Transportation is the leading cause of smog-forming pollutants and greenhouse gas (GHG) emissions in California (California Air Resources Board, 2017). Expanding the number of zero emission vehicles (ZEVs) on California roads can help to reduce statewide emissions. In order to meet California’s climate and air quality goals, 100 percent of light-duty car sales will need to be ZEVs by 2035 and the majority of the light- duty fleet will need to be ZEVs by 2050 (California Air Resources Board, 2019).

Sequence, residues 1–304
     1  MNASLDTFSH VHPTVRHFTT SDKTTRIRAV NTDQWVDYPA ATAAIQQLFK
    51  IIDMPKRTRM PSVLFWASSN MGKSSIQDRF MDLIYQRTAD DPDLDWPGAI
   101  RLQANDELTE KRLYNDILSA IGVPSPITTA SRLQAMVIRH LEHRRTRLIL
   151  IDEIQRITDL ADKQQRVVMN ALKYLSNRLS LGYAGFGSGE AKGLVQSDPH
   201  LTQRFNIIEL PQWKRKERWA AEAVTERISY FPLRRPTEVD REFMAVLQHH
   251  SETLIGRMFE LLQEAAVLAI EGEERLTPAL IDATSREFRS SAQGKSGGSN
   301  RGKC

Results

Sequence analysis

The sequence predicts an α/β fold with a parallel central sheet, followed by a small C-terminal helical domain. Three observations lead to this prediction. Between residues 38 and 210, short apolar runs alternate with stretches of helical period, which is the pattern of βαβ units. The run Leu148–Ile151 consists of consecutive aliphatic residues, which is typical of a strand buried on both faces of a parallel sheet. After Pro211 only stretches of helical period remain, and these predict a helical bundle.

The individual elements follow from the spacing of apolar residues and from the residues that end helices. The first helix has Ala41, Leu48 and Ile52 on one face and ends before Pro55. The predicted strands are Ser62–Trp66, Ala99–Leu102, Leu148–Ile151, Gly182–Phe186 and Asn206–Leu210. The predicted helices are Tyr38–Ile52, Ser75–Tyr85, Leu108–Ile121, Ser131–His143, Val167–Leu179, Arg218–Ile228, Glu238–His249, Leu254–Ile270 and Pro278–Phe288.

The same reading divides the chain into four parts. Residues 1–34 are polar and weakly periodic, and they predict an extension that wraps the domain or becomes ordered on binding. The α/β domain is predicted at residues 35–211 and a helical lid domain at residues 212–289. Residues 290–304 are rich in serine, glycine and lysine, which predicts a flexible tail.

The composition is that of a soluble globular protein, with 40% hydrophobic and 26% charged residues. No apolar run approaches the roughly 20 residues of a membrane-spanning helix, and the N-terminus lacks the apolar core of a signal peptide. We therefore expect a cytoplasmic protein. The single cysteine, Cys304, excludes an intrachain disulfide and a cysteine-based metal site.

In the near term, California’s ZEV infrastructure must support 1.5 million vehicles by 2025 and 5 million vehicles by 2030 (Governor Brown, 2018). By 2025, California has set specific goals to provide 250,000 battery electric vehicle chargers, including 10,000 direct current (DC) fast chargers (Brecht, 2019). Installing adequate infrastructure statewide is essential to assist with charging and refueling ZEVs. Nonresidential building standards that facilitate installation of electric vehicle (EV) charging infrastructure provides a unique low-cost opportunity to reduce the barriers to clean transportation access in workplace and public locations.